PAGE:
In Stephen Wilson’s Information Arts, there are many interesting concepts and ecological pieces of work that have been implemented in the land and on the land. One project that has captured my attention is Natalie Jeremijenko’s OneTree(s). For her project, she cloned a tree named Paradox, the “F1 (1st Generation) hybrid of the native walnut tree commonly called the Northern California black, or Juglans hindsii, crossed with the English Walnut” (OneTrees: Clones.). It was chosen for its practical urban characteristics such as its inability to produce fruit and nonexistence of significant amounts of pollen. Since the trees are identical, they allow the collection of data of the “social and environmental differences to which they are exposed”, the environment being locations around the Bay Area. Sites are chosen for their diversity (climate and care), public accessibility, and long-term feasibility. I love the interdisciplinary idea of this project because it entails knowledge of biological cloning, ecosystems, botany, climatology, and sociobiology. The results of OneTree(s) data will help map microclimates of the Bay Area, which is even more related to me because I live there when I am not here at UCSD. The idea of cloning was always very distant and strange to me; until I read of this project I did not know it actually existed for small works such as these. The photo below is an image of the some of the thousands of clones created for OneTree(s).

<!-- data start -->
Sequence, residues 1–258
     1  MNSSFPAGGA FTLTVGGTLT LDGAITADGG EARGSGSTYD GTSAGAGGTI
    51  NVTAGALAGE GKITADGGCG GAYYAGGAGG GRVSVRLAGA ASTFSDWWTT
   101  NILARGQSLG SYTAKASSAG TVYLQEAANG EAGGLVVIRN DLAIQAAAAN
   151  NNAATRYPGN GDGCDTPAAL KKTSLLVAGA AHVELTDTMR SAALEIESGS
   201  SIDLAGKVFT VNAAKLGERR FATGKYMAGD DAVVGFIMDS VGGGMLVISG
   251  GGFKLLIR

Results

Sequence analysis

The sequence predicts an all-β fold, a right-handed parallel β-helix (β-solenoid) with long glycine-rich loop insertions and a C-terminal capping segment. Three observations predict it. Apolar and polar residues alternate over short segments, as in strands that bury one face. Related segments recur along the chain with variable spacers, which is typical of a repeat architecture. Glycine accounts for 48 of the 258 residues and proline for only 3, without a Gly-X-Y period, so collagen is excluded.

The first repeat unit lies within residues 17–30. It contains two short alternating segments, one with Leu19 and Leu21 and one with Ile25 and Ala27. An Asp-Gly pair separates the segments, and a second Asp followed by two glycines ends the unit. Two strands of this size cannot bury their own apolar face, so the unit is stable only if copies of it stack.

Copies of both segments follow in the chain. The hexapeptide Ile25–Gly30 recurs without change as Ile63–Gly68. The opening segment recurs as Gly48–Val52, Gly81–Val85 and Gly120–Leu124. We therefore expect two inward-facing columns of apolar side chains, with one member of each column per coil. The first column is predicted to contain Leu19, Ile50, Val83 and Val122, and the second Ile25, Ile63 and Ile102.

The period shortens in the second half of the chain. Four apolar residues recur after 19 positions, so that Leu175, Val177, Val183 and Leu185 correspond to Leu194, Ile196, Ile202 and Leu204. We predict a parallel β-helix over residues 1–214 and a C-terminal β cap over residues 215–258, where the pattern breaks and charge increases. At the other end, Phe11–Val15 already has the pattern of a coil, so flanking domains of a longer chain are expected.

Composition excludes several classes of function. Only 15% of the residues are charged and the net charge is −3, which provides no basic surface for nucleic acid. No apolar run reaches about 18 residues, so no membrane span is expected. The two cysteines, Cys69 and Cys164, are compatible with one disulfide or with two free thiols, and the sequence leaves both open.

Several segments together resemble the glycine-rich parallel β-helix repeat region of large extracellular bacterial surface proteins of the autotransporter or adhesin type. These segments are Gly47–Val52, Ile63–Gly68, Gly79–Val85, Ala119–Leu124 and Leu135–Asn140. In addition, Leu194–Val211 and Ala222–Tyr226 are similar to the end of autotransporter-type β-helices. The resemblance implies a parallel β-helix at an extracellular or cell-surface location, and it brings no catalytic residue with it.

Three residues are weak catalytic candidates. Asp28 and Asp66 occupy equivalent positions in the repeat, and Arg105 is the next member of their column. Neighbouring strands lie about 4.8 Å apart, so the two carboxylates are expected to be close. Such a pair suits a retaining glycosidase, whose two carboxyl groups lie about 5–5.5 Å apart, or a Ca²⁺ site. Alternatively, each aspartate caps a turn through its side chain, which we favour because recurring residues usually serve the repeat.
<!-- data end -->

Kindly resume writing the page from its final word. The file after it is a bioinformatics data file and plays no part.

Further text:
Another project that is very important in the issues it raises is Fat of the Land by Sarah Lewison. She and her collaborators drove cross-country taking the old cooking grease from restaurants they passed by and used it to fuel their modified van. By completing this project, they commented on the issue of economic hegemonies over oil and pollution and carbon build-up in the atmosphere. As a piece of artwork, I love that Lewison is able to incorporate chemistry of acid, oil and combustion and the action of using what she learned in the mechanisms of the car to create an alternative biofuel. In addition, she hopes that populations will educate themselves by advocating development of technologies and materials and one day free themselves from these monopolies. This is an everlasting installation that will continue to affect people who are concerned for the ecological stability of the atmosphere as well as remind the population of the responsibility of preserving nature.
“OneTrees: Clones.” OneTrees: Clones. N.p., n.d. Web. 26 Jan. 2015. “http://www.nyu.edu/projects/xdesign/onetrees/clones/index.html”